Asia Business Channel

Japan’s NHK remove racist U.S. protest videos after online outrage

 

Japanese public broadcaster NHK made an official apology last week, a rarity in Japan’s media world for publishing an animated video on its Twitter account that had a goal of explaining the current U.S. protests related to black lives matters and police reform, but which instead sparked online outrage for its depiction of African Americans.


The video, which is 1:21 minutes in length was also broadcast nationwide on the NHK, Sunday evening program "Sekai no Ima" (The World Now), featured a tough-talking black narrator who discussed the wealth disparity between black and white Americans, and the economic impact from the Covid-19 pandemic.


However, instead of providing a balanced report which discussed the reasons for protests, in response to the killing of George Floyd and other black women and men and how police brutality is its own epidemic in America, the report only presented cartoon stereotypes of black and their issues.

 


The video by NHK also perpetuates black stereotypes, with the “narrator” showing off his\ bodybuilder-like bursting out of a white tank top and other African-American characters in the clip including a man with an Afro hairstyle and mutton chop sideburns, and a muscular man in a sleeveless purple suit, fedora-style hat and sandals strumming a guitar.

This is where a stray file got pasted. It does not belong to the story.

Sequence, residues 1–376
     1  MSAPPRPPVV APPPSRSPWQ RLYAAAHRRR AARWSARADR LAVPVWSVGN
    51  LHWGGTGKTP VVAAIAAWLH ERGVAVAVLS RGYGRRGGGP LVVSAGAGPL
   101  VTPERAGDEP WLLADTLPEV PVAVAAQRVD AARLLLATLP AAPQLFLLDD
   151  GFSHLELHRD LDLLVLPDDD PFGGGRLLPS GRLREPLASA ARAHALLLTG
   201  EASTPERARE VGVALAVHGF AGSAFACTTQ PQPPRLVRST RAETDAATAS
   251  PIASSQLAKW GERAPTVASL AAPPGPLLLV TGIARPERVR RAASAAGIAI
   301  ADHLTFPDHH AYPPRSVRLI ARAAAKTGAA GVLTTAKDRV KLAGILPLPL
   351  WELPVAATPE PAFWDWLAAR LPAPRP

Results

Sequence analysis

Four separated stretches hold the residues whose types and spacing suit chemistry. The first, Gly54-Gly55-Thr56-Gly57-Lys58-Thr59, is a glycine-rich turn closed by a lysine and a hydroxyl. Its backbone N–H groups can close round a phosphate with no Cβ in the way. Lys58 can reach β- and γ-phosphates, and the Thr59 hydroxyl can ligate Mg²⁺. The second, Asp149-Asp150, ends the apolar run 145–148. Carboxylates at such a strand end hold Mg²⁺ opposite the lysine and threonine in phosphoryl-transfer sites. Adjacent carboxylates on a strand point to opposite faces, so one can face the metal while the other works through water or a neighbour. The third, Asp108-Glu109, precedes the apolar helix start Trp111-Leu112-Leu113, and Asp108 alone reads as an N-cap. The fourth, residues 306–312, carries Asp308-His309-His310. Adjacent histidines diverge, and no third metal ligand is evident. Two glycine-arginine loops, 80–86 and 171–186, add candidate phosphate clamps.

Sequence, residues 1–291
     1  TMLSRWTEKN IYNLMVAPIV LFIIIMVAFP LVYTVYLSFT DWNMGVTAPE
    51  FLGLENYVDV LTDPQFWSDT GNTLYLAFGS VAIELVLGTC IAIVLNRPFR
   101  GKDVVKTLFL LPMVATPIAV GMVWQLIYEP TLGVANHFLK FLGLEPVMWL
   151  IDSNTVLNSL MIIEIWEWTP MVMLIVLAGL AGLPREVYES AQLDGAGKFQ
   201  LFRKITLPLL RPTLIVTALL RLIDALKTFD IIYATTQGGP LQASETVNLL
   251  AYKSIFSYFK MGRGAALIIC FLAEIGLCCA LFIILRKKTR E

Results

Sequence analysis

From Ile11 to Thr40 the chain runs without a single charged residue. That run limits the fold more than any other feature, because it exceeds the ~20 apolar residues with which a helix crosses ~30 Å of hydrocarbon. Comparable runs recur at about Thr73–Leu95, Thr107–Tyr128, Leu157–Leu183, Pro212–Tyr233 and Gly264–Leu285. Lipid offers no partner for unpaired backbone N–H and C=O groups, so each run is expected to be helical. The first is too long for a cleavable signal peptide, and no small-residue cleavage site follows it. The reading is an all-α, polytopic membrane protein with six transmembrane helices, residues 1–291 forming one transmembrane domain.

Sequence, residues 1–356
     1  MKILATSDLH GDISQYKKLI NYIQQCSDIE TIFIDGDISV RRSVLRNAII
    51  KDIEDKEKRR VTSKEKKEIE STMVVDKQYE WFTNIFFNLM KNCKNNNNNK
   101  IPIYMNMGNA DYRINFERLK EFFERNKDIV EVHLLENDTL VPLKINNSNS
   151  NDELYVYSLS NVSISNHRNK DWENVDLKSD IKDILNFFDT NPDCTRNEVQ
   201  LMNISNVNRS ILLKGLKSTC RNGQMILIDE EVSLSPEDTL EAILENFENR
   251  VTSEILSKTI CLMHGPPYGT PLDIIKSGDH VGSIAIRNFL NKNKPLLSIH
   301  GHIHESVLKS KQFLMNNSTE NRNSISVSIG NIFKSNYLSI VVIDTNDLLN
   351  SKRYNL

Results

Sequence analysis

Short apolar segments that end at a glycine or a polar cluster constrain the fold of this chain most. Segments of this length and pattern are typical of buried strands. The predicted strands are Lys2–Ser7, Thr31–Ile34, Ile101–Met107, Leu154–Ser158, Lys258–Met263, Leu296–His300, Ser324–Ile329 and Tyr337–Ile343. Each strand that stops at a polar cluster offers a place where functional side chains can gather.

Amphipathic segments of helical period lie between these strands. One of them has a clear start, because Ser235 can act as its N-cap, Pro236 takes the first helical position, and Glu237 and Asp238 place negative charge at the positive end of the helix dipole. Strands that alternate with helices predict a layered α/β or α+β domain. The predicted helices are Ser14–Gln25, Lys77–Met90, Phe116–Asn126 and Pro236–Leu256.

Joseph M. Young, a representative of the U.S. Embassy in Tokyo said on Twitter that, "While we understand @NHK's intent to address complex racial issues in the United States, it's unfortunate that more thought and care didn't go into this video.

Young added that, "The caricatures used are offensive and insensitive."

NHK said on Twitter that it had decided to take down the tweet after receiving a lot of criticism and that it had posted the video with a "lack of consideration and we apologize to those who were made to feel uncomfortable.”

The video had been viewed more than one million times before it was taken down by NHK, and many netizens said that while the broadcaster had the opportunity to take down the video earlier, it remained online so that NHK could receive more publicity. 

 

 

 

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